• David Waldstein of the Times wonders if the Mets might consider sending Josh Thole briefly to the minors to regroup. Thole should be back in the starting lineup Friday night after a two-game absence. Even if the Mets were considering sending Thole down, it would have to wait until after the weekend. Mike Nickeas was demoted for Ronny Paulino's activation last Friday. By rule, he is required to spend 10 days in the minors before returning to the majors, unless a player lands on the disabled list in the interim. Waldstein broached the subject because Mike Pelfrey, when asked, praised Paulino's work with him Thursday. Writes Waldstein:
[Pelfrey] credited Paulino for his leadership and game-calling. “There were times I would have the slider grip already in my glove and he would put it down,” Pelfrey said, “and I’d be like, ‘O.K., let’s do it.’” Pelfrey also noted how Paulino came out to the mound in the top of the third after Pelfrey had just scored from first base on Jose Reyes’s triple in the bottom of the second. Pelfrey said he was exhausted from the 270-foot sprint, so Paulino shrewdly made a visit to the mound before the first batter to give him extra time to rest.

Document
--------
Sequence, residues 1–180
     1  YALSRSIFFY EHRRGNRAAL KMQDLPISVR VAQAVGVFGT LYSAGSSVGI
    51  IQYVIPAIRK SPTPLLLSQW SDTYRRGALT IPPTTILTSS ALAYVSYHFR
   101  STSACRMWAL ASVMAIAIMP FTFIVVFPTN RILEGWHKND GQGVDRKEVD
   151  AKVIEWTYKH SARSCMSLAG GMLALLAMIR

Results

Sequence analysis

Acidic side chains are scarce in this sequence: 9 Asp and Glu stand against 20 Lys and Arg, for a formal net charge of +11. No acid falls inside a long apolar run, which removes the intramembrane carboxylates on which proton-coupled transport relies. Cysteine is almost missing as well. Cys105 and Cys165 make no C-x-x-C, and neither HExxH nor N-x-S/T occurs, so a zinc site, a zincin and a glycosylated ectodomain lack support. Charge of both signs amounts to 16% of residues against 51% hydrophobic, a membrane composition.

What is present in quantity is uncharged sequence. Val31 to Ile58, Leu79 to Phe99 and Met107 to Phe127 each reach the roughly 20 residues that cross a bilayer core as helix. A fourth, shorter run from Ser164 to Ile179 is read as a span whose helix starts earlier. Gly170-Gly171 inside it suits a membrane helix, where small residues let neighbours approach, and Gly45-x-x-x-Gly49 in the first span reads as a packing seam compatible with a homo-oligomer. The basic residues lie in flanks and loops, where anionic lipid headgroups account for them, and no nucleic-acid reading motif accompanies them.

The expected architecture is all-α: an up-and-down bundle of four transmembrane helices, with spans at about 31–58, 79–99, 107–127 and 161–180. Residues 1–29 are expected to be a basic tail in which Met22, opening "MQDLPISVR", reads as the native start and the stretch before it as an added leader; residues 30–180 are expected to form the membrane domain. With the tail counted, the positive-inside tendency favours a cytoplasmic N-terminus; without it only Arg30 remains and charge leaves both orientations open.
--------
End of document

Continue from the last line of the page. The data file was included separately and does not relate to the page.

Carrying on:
Meanwhile, in addition to the problems Thole, a converted catcher, has had throwing out runners and allowing some passed balls, the Mets have been unhappy at times with some of his pitch calling. On April 6, they were dismayed when Pelfrey admitted to getting away from his two-seam fastball. ... Then last Friday against the Phillies, with Ryan Howard at the plate, Thole called for a fastball from Dillon Gee, instead of his best pitch, the changeup.
Pelfrey's ERA by catcher this year: Paulino, 1.17; Nickeas, 3.75; Thole, 9.56.
In a larger sample size last season, it was: Henry Blanco, 2.81; Thole, 3.27; Rod Barajas, 4.80.